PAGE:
People in the NBA world were stunned by the recent loss of three former great players.

The NBA world suffered three consecutive losses within an extremely short time span when Jerome Kersey (February 18), Earl Lloyd (February 26), and Anthony Mason (February 28)  passed away last month.

Kersey, the athletic forward who participated in some of the league’s storied Slam Dunk Contest of the 1980s, also served as a member of the Portland Trailblazers team that made appearances in 1990 and 1992.

Earl Lloyd gained his claim to fame by becoming the NBA’s first Black player in 1950. He played for 10 years with the Washington Capitols, winning an NBA Championship with the Syracuse Nationals (now the Philadelphia 76ers), and the Detroit Pistons.

Anthony Mason, whose physical style of play endeared him to New York basketball fans during his days as a Knick, played 13 NBA seasons, finishing his career with the Milwaukee Bucks in 2003.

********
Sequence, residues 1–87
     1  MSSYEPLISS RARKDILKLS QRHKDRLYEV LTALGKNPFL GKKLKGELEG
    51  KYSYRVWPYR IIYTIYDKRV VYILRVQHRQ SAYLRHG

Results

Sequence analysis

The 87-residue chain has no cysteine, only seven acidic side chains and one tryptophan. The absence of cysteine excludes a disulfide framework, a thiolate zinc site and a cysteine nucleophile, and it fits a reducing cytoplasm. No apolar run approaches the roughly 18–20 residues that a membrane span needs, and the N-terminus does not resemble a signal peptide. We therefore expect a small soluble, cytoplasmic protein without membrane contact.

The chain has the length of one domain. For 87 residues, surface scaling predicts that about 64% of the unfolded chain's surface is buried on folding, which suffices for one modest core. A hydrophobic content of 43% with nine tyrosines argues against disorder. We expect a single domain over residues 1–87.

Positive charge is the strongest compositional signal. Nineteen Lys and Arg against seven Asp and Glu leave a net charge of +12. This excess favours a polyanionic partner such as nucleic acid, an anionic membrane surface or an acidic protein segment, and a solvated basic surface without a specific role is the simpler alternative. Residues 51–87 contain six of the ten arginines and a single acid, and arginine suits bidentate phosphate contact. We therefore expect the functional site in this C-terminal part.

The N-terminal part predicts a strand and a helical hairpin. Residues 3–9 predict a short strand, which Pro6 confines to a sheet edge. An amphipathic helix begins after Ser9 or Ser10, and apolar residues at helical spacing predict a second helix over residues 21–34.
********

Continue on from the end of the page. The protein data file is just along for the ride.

Here we are. We’ve arrived at yet another NBA All-Star Weekend, which is held in New York City this year, and the league’s 30 teams will be represented in some capacity during the weekend-long extravaganza which includes highly entertaining events such as the NBA Celebrity All-Star Game, Three-Point Contest, Slam Dunk Contest…and let’s not forget about the actual game itself, which will be played tomorrow at Madison Square Garden.

Below is a video that features the highlights of the 2015 NBA All-Star Game, which means that this post has been updated for your viewing pleasure.

For hoops enthusiasts such as myself, and many others around the globe, NBA All-Star Weekend marks the true beginning of basketball season. You’re probably assuming that basketball season starts in late October/early November (It does on paper), but the sports world doesn’t focus the majority of its attention on the sport until February. With the Super Bowl marking the official end of football season, Major League Baseball still several weeks from starting training camps, combined with both high school and collegiate basketball jockeying for position in their postseason tournaments, it’s a safe bet to note that February is the true beginning of basketball season.